This dramatic World War II scene shows a dazzle camouflaged Royal Navy destroyer (or frigate), with her
white ensign visible at the stern, dashing forward to offer safe passage to various assembled Merchant ships.
The one on the right, with a tug or pilot boat nestling at its bow, has at least one lifeboat swung out – a
precaution taken when travelling in perilous convoys (in case of attack by submarines or aircraft).
Alternatively, the life boat may have been swung out for another reason – these ships are clearly close to
shore and only the Royal Navy ship is shown to be moving. The Merchant ships have barrage balloons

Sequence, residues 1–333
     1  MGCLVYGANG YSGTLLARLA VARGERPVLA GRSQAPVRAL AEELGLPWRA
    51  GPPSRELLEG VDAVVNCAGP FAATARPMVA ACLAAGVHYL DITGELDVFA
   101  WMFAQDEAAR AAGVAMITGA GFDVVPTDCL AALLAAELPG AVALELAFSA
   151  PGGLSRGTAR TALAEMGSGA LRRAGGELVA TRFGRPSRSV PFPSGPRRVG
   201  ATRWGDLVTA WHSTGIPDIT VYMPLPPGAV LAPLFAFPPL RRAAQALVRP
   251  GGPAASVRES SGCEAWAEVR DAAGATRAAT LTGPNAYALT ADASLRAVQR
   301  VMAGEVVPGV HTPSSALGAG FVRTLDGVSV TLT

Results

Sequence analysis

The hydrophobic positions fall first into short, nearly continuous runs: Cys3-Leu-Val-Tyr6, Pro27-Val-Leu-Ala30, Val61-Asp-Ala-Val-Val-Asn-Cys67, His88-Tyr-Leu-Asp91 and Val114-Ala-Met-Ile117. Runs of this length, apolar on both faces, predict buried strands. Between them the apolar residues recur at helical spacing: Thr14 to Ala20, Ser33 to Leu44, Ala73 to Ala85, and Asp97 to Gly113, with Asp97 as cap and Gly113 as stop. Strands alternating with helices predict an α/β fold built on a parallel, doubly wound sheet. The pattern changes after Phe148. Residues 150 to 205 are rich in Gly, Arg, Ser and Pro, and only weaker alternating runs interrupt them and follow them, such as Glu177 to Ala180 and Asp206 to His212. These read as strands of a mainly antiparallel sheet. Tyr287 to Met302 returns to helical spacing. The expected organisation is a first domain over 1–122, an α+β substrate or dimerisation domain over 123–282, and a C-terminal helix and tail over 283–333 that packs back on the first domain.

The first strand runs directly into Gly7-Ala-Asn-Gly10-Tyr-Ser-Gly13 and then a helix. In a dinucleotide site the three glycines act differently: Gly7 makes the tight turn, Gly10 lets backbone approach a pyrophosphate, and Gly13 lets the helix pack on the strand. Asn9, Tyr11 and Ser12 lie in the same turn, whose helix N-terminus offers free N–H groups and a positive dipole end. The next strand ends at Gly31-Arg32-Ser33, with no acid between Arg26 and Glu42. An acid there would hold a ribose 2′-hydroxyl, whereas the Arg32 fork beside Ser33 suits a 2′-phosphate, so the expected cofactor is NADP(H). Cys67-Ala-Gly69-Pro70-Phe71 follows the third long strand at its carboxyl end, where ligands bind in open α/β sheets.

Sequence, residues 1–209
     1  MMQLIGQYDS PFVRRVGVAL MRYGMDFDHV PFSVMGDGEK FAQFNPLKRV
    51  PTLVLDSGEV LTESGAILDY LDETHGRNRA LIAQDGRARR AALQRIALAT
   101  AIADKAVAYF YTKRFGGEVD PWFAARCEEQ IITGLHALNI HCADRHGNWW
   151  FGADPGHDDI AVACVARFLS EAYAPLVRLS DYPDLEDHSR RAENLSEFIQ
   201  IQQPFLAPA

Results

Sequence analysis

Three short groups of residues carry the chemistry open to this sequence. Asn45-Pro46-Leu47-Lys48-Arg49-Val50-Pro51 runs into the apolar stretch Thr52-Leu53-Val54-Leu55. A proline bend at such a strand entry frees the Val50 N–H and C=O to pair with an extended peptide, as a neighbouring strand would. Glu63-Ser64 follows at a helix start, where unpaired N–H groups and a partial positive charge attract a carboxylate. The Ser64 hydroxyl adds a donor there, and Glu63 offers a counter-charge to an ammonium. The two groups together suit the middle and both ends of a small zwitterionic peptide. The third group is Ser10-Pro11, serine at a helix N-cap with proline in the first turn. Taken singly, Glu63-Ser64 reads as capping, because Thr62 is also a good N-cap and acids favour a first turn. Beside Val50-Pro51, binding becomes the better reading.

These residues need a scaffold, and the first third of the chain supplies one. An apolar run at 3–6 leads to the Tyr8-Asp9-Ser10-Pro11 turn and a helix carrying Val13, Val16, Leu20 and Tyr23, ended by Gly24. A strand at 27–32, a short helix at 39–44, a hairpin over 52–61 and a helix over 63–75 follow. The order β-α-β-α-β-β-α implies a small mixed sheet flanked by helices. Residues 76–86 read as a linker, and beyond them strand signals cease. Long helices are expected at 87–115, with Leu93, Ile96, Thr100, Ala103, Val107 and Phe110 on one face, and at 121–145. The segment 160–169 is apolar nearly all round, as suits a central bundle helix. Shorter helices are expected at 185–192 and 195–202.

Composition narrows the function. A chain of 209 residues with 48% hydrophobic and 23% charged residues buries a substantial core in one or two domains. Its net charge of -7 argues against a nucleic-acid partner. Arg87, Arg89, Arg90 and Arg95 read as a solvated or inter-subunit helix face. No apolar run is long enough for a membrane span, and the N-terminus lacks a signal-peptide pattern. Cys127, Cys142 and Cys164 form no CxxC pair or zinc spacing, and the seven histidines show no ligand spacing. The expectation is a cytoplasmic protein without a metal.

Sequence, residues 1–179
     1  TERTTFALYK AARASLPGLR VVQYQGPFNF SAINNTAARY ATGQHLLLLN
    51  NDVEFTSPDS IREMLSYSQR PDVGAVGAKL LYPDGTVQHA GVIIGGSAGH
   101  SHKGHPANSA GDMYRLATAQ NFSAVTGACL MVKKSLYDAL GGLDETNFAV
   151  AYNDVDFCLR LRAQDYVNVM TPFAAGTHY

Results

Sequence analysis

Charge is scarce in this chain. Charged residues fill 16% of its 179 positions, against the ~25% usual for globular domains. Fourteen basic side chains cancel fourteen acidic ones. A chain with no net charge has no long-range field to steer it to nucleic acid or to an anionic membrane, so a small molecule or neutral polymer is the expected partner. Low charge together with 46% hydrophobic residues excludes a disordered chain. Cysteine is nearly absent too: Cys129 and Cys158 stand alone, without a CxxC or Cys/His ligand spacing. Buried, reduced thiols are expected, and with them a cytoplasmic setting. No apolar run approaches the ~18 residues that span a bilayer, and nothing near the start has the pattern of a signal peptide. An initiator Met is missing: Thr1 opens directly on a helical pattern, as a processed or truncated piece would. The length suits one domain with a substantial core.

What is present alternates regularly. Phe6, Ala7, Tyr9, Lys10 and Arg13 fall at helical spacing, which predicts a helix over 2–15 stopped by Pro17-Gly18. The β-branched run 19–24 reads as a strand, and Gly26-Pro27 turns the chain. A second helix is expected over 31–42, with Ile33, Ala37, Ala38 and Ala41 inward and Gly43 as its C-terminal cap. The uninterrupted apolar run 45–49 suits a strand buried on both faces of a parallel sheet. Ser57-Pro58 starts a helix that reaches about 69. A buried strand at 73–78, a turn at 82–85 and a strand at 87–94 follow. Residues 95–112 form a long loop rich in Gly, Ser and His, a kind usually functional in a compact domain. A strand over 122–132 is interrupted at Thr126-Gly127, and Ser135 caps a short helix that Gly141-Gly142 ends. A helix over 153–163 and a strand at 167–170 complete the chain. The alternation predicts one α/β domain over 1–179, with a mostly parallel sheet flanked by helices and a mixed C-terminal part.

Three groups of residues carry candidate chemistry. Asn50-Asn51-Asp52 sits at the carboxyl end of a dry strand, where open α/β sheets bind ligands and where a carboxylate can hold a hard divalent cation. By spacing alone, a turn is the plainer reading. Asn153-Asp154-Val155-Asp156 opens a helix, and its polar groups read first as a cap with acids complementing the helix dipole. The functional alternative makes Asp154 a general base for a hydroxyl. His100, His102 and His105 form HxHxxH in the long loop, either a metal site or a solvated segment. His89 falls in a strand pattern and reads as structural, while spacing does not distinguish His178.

tethered to them to make air attack more difficult, and none has a bow wave. For this reason it is likely that
this painting shows a convey assembled in a British estuary such as the Mersey, getting ready for an outward
voyage to North America, Africa, or the East. The fact that the ships are high out of the water suggests
they’re sailing empty, to return with cargoes of grain, oil, or the numerous provisions required to feed Britain
and fight the war.